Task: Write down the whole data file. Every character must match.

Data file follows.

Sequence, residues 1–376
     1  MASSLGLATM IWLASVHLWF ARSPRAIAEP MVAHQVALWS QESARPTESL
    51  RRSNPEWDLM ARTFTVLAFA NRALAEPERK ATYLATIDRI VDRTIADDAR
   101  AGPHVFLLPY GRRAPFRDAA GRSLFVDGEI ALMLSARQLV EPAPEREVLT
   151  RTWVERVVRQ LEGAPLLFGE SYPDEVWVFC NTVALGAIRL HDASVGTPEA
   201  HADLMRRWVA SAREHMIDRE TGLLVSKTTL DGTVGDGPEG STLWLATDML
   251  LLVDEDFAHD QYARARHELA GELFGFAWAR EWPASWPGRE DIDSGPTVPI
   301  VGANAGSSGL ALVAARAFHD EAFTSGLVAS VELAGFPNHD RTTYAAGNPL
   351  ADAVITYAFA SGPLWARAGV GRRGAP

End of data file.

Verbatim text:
Sequence, residues 1–376
     1  MASSLGLATM IWLASVHLWF ARSPRAIAEP MVAHQVALWS QESARPTESL
    51  RRSNPEWDLM ARTFTVLAFA NRALAEPERK ATYLATIDRI VDRTIADDAR
   101  AGPHVFLLPY GRRAPFRDAA GRSLFVDGEI ALMLSARQLV EPAPEREVLT
   151  RTWVERVVRQ LEGAPLLFGE SYPDEVWVFC NTVALGAIRL HDASVGTPEA
   201  HADLMRRWVA SAREHMIDRE TGLLVSKTTL DGTVGDGPEG STLWLATDML
   251  LLVDEDFAHD QYARARHELA GELFGFAWAR EWPASWPGRE DIDSGPTVPI
   301  VGANAGSSGL ALVAARAFHD EAFTSGLVAS VELAGFPNHD RTTYAAGNPL
   351  ADAVITYAFA SGPLWARAGV GRRGAP